Examining the Code on Wages, 2019, NEELESHWAR PAVANI writes about which provisions help workers and suit their interests, and which provisions militate against their interests.
THE need for reform in the labour sector has been a repeated demand since the onset of the economic reforms of 1991. A demand that the big wigs of private corporations have long been supporting finally found its way in in the last two years, as the labour minister introduced a Code on Wages in Parliament in 2019, and three comprehensive labour codes in 2020, seeking to repeal 44 laws that had for decades held the fort.
A common thread that runs through the newly promulgated laws is that a wide array of powers has been conferred on the states in all three codes.
The timing of these legislations had sparked critical debates on whether they whittle down the socialist promise of our Constitution and (presumptuously) give unlimited bargaining power to the employer. There is also a perception that rather than balancing the competing interests of employee and employer, these Codes embrace hyper-capitalism and demean the rights of labourers.
However, that is far from the case. The Codes ought not to be rejected outright, since some of the modifications are useful and have inbuilt farsightedness. One important feature is that the independence of states has been respected inasmuch as they can choose to pace themselves on how to implement the Codes and consequently map their growth trajectory.
Analysing the salient provisions of the Code on Wages
The Code on Wages, 2019 is an elaborate law, comprising of a total of 69 sections, that has many new interesting facets. Firstly, it introduces a non-discriminatory clause that prohibits an employer from discriminating between wages payable to a male and a female for the same work dome. It is a well-meaning clause, but it may have a reverse effect as women may be deemed to be cumbersome employees as the employer would need to extend maternity leave to some female employees, and women may not be considered for working overtime that can slip into evenings or through the night.
A very welcome feature of the code, along with clearly specifying the components of minimum wages, is the fixing of a ‘floor wage’ by the Union Government. The floor wage is to be the base remuneration computed on a number of factors that has to be complied with by all states, and remuneration only over and above that floor wage can be fixed by the state governments. It also provides that state governments must mandatorily revise their minimum wage rates every five years.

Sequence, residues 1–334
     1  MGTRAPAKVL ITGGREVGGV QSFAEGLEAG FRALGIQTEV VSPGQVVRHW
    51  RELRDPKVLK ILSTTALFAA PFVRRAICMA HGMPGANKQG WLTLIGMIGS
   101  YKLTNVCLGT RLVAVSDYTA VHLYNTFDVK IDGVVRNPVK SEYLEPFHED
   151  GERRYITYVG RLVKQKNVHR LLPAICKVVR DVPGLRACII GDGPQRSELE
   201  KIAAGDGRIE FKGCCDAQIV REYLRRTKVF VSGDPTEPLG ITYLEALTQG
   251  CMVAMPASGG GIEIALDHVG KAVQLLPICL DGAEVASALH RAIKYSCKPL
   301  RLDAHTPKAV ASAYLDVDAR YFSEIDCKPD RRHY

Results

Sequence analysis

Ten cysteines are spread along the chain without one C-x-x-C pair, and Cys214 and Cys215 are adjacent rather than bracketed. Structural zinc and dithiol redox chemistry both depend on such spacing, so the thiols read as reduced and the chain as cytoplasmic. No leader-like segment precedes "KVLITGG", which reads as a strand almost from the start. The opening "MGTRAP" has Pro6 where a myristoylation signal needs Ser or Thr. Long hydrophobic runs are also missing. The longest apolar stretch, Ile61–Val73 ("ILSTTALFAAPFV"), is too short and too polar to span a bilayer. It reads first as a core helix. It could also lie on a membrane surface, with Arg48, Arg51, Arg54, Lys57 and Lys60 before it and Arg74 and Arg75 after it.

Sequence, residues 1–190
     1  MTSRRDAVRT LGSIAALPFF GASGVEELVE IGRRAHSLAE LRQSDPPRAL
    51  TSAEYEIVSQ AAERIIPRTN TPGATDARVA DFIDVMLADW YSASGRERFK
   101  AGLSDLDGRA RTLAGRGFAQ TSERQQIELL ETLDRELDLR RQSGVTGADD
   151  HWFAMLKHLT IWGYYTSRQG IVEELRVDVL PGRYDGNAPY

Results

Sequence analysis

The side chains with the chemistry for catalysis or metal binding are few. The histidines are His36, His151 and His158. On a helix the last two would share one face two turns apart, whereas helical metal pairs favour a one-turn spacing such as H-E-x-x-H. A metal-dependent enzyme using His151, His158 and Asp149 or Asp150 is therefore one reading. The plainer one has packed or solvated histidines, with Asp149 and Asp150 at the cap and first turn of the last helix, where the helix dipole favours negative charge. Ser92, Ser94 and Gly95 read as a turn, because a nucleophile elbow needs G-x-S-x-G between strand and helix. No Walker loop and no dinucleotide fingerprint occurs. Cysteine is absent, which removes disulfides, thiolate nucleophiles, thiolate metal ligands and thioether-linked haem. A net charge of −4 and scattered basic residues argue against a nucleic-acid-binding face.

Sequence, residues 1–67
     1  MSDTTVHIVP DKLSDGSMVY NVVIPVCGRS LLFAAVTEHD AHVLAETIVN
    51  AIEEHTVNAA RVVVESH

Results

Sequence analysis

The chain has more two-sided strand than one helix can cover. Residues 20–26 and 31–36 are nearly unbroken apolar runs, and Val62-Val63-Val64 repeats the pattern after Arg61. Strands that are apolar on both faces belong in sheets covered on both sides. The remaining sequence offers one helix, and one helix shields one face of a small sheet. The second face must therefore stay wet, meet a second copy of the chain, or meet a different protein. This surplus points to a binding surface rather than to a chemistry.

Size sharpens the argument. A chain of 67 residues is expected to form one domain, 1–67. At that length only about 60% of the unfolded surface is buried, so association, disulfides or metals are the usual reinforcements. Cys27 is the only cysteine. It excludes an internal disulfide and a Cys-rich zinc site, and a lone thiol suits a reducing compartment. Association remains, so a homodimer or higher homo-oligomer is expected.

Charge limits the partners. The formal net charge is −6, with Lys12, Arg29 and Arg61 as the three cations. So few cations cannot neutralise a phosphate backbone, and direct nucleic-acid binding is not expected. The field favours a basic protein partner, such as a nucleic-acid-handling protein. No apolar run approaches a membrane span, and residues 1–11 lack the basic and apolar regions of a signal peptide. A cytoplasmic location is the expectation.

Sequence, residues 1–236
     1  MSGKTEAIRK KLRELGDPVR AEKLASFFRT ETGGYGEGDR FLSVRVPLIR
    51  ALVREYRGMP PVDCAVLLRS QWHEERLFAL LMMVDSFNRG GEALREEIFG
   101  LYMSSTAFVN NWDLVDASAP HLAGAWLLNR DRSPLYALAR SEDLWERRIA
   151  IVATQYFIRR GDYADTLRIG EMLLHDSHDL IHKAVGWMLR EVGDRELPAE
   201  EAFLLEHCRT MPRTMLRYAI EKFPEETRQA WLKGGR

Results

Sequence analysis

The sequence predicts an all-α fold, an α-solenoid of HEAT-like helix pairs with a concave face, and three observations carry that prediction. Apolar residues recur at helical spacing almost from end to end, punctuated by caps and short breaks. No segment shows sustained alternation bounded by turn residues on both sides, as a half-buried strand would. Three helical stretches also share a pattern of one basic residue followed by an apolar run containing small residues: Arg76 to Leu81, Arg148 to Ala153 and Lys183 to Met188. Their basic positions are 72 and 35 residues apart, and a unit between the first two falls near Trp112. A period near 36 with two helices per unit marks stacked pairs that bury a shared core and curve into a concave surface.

The limit of five years is a block that may be interpreted by the states literally and does not fit with the rising rates of inflation that have been a regular feature during the pandemic. The states, while fixing wages, ‘may’ consider paying upwards to workers in occupational settings after factoring in “their arduousness of work like temperature or humidity normally difficult to bear, hazardous occupations or processes or underground work”. The expected outcome in the construction sector would entail large scale emigration of workers in search of the most conducive emoluments and the least exacting working conditions.
Such wage revision is to be decided based on recommendations by a committee or committees that must comprise of an equal number of employees and employers. Additionally, one-third of the committee should comprise of ‘independent persons’. However, there is no definition of who or what makes an “independent person” in the Code. This is an ambiguity that can potentially be exploited to load the committee towards the undue benefit of a single side.
What the Code gets right…
The beneficial part of this law is that it spells out clear provisions for minimum hours of work, and the provision for overtime – which has to be calculated on an hourly basis and must be double the normal wages. There are several provisions expressly in favour of employees, such as the method of payment being specified as electronic or bank transfer, the employer is bound to abide by a time limit to make good remuneration to the employee, the employer being limited by grounds on which deductions from salaries can be made, and the criteria for bonus being a full month’s wages clearly spelt out, as is what would make an employee ineligible from a bonus.
The implementation of all the provisions is the responsibility of the state governments because each state government can fix their own minimum wages. Such wages would demarcate states or zones into those considered labour-friendly, and those considered business-friendly.
The Code prima facie hones accountability by directing the maintenance of records, including the yearly audits of all employers. It also provides clear cut guidelines on deductions that can be made and fines that can be imposed on an employee’s wages.